Long Island Sound’s Ecosystem Engineers

By Connor Jones

Eelgrass, or Zostera marina, is a type of seagrass found in the estuaries and coastlines of the northern hemisphere. One of 72 species of seagrass found around the world, eelgrass is a true plant (an angiosperm), with roots, stems, leaves, seeds, and of course, flowers! Although they have some similarities, eelgrass and seaweed are not closely related.

Eelgrass reproduces both sexually and asexually. Sexual reproduction occurs through flower production in May or June. Like land plants, eelgrass produces flowers which contain pollen. This pollen is transported through the water with the help of currents until it lands on, and fertilizes, the female part of another eelgrass flower. Fertilized eelgrass flowers develop into seeds which can float for miles before settling on the ocean floor and growing into a new eelgrass plant. Asexual reproduction occurs through growth and elongation of the rhizome, or a long horizontal root-like structure, with multiple vertical shoots that extend above the sea floor into the water column. A common example of a rhizome is fresh ginger that you can find at the grocery store.

Eelgrass needs ample sunlight to grow therefore it is often found growing in shallow, near shore water at depths up to 24 feet. Eelgrass around Fishers Island has been found growing up to 5 feet in length. With sunlight, clean, clear water and appropriate nutrient, temperature, and salinity levels, eelgrass will form extensive underwater meadows. These underwater meadows provide valuable benefits for marine organisms and people. Like all species of seagrass, eelgrass generates oxygen, improves water quality, reduces shoreline erosion by stabilizing sediments and can store twice as much carbon as forests on land.

Seagrass meadows provide habitat for hundreds of species, including recreationally and commercially important fish and shellfish. An eelgrass meadow can be home to hundreds more organisms than an adjacent area of bare sand. Because of their ability to create habitat for so many other species, eelgrasses are often called ‘ecosystem engineers’ (a title shared by corals, beavers and oysters) and seagrasses are federally classified as Essential Fish Habitat (EFH). Other examples of EFH include wetlands and coral reefs.

Within an eelgrass meadow, some species of algae and phytoplankton, referred to as epiphytes, live directly on the leaves, or blades, of seagrass. In turn, snails will crawl along the leaves, feeding on the growing algae, which helps keep the eelgrass blades clean. Even some small anemones grow on the blades. Small fish, like silversides and seahorses, and small invertebrates, such as shrimp, crabs and amphipods, stick close to seagrass meadows, as they offer a place for them to hide from predators.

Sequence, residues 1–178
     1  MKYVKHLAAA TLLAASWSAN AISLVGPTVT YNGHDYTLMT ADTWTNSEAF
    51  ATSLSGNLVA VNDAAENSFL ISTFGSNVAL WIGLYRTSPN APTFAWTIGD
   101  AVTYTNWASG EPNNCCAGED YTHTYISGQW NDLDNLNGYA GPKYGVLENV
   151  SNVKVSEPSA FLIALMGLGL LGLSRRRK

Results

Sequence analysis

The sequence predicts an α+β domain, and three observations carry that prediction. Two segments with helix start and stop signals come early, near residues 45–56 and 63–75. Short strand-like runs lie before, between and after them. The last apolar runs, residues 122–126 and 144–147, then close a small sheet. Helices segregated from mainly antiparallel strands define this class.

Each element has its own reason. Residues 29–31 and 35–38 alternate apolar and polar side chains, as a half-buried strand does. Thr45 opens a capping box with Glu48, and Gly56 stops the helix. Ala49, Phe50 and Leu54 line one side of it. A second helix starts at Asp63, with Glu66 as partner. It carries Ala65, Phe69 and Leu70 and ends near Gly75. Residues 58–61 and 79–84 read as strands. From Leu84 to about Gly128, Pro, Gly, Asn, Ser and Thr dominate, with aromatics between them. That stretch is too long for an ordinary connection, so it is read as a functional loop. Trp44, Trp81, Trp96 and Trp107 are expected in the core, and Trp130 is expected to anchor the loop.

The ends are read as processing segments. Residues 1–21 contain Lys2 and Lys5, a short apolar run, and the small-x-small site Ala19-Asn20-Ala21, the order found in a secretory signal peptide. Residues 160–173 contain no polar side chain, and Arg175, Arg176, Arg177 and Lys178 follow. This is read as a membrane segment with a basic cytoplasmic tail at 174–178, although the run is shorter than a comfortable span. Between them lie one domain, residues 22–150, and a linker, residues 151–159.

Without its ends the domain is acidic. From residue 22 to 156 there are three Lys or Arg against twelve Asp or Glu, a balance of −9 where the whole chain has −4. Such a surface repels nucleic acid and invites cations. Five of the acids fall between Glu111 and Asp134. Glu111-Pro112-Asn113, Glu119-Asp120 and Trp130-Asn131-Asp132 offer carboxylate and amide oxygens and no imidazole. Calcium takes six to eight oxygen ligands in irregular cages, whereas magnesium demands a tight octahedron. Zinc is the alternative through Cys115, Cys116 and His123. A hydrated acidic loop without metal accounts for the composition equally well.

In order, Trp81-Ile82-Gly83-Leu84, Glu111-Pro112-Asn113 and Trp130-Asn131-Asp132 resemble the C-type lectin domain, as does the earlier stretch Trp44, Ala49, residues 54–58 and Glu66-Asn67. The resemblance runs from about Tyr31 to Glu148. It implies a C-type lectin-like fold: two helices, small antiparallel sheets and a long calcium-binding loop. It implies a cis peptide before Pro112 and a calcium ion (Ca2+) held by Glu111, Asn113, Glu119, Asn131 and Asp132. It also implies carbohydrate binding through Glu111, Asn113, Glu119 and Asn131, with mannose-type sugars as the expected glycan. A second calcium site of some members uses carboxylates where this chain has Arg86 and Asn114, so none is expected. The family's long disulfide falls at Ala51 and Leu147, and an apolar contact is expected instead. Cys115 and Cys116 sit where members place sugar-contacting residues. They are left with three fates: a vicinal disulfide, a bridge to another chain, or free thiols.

Eelgrass meadows also act as a nursery for many species of fish and shellfish. Bay scallops, lobsters, winter flounder, summer flounder, tautog, striped bass, black sea bass and bluefish can all be found in eelgrass at various life stages and times of the year. A study by Pohle et al. published in 1991 showed that juvenile bay scallops have higher rates of survival in areas with denser meadows of eelgrass. Some animals, like sea turtles, Canada Geese and Brant (another type of goose) even feed on seagrass leaves.

When eelgrass is protected and conserved, many organisms benefit which in turn benefit coastal communities and economies, like Fishers Island. The island’s eelgrass ecosystem supports commercial and recreational fishing opportunities. The beaches of Fishers Island are protected from storms by the eelgrass meadows just offshore that absorb the resulting wave energy. Without the 347 acres of eelgrass that surrounds us, Fishers Island could be a very different place.

Snail and Spiral tube worms (Spirorbis spp.) on a seagrass leaf. Photo by Jessica Labonte

Atlantic Silversides (Menidia menidia) swimming in an eelgrass meadow in Chocomount Cove. Photo by Brian Leuchtenburg